Shootout: Did you see the sights???

This is a discussion on Shootout: Did you see the sights??? within the Carry & Defensive Scenarios forums, part of the Defensive Carry Discussions category; Originally Posted by bluelineman I hope I'm not asking a verboten question here. For those of you who have ever been in a shooting situation: ...

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Thread: Shootout: Did you see the sights???

  1. #16
    Member Array TerryD's Avatar
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    Quote Originally Posted by bluelineman View Post
    I hope I'm not asking a verboten question here.

    For those of you who have ever been in a shooting situation:

    1. Did you see your sights?
    2. Were they night/laser sights or plain sights?
    3. What was your hit/miss ratio?

    LEO's highly encouraged to reply. Thanks! (I'm not asking for specifics on the situation or looking for "classified" info)

    I'm wondering if anyone even sees their sights in a bad situation. Many people spend a lot of money on night/laser sights (myself included) & am curious if the stats are in their favor for getting these items. Thanks!
    1. Never saw the pistol sights, but I did see my rifle's.
    2. Plain sights, no lasers.
    3. About 95% (guess), as it was in the military, and it was quite a few "situations" over the years.

    And night sights do have a use. They help locate the pistol...can't think of anything else, but they can and have been be handy in a "lost gun" situation.
    "Nice grips, weird choice of etching" Rocky

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  3. #17
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    Quote Originally Posted by BAC View Post
    I suspected this was the case; I'm very curious as to how those Sure Sight triangular sights might change this, or if they do at all.


    -B
    They wont change a thing, cause you wont be looking at them.

    Terry, a rifle is a different animal all together!
    "Just blame Sixto"

  4. #18
    VIP Member Array Janq's Avatar
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    Quote Originally Posted by mrhutch View Post
    note to self:
    use $150 reserved for night sites on extra ammo, targets, and range time for extra practice on instinctive shooting
    BINGO!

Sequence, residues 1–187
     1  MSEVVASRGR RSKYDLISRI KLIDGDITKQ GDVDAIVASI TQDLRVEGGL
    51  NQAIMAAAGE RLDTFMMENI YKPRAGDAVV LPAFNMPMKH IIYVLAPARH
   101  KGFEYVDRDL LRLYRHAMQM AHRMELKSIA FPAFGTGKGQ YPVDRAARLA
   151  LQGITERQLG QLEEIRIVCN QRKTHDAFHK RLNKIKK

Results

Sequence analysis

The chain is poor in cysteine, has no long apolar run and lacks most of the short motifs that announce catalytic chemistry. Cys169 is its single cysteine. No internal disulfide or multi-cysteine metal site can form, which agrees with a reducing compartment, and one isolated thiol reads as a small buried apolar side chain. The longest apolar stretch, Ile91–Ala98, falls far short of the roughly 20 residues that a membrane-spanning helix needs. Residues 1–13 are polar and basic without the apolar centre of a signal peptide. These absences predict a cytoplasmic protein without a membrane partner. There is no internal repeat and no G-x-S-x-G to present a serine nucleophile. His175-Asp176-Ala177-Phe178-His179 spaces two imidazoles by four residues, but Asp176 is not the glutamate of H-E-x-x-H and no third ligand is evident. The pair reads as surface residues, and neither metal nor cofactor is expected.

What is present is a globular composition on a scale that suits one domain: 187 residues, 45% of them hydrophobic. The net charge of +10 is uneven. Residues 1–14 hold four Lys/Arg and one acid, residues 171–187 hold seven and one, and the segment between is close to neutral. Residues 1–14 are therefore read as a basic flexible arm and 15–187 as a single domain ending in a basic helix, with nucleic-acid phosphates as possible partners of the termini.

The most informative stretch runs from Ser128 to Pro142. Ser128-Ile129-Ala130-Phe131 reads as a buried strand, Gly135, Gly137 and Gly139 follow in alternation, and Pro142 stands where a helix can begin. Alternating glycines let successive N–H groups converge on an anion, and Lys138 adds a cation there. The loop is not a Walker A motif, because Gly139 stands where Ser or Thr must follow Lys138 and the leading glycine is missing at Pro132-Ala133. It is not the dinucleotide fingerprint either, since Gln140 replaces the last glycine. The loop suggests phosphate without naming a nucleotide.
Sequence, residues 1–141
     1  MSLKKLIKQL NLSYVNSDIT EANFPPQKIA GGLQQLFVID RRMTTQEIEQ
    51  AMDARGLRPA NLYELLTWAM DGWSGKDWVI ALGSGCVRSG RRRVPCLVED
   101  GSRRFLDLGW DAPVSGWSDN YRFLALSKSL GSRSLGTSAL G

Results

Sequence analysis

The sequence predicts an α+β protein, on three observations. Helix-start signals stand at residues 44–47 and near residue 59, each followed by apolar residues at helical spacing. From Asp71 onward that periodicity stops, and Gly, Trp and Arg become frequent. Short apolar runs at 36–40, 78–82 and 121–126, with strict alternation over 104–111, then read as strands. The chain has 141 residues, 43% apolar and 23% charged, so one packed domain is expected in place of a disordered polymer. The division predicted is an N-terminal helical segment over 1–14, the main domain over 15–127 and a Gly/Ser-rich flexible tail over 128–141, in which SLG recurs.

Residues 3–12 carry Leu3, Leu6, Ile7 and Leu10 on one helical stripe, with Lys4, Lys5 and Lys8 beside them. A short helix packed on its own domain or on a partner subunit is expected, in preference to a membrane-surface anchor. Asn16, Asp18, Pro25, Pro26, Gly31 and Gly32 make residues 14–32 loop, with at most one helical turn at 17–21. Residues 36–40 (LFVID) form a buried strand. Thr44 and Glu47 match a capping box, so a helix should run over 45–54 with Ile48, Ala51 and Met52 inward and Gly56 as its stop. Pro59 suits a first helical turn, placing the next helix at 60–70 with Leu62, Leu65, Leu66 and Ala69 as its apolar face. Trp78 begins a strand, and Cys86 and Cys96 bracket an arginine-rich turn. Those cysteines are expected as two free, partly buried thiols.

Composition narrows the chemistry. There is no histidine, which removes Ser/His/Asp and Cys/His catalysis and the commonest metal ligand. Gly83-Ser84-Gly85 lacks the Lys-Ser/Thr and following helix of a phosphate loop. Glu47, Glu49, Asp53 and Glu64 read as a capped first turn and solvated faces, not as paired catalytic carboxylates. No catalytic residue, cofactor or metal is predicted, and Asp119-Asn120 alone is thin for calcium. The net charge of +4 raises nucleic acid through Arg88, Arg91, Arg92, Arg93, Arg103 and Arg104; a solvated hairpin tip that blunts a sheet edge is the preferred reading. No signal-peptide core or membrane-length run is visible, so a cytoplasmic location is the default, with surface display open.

- Janq is a newly converted point shooting believer
    "Killers who are not deterred by laws against murder are not going to be deterred by laws against guns. " - Robert A. Levy

    "A license to carry a concealed weapon does not make you a free-lance policeman." - Florida Div. of Licensing

  5. #19
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    Quote Originally Posted by Janq View Post
    BINGO!

    - Janq is a newly converted point shooting believer
    It doesn't take long to get good at it, it just goes against what everyone has ever told you about shooting. Once over that initial mental block, its like all is right with the world and you will be an impressive shooter.
    "Just blame Sixto"

  6. #20
    BAC
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    Quote Originally Posted by SIXTO View Post
    They wont change a thing, cause you wont be looking at them.
    Not exactly what I mean. They advertise that their sights are very bright, meaning easily seen in peripheral vision when your focus is elsewhere. I still haven't heard if they've been run in low-light, high-stress use, even if only training, yet.

    The point-shooting thing I'm admittedly leery about. I'm already bringing the weapon up sights aligned naturally enough, and I'm inclined to think the better/more familiar you become with a weapon the more naturally you're going to aim it to the point of doing so subconsciously. What might be point shooting for experienced shooters might well just be such familiarity with their gun and such development of muscle memory that when the weapon is brought up, the sights are already aligned and your brain can focus more on the threat than lining up sights.

    Just guesswork on my part, but I do have a strong suspicion there's more to point-shooting than is often described.


    -B

  7. #21
    Member Array TerryD's Avatar
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    Quote Originally Posted by SIXTO View Post
    It doesn't take long to get good at it, it just goes against what everyone has ever told you about shooting. Once over that initial mental block, its like all is right with the world and you will be an impressive shooter.
    It is worth the time and effort in my opinion to get point shooting training. Cause in real life SHTF situations, I have never looked at my sights on the pistol.

    Getting very familiar with your weapon will help also. Making shooting something that is "natural" for you is the goal.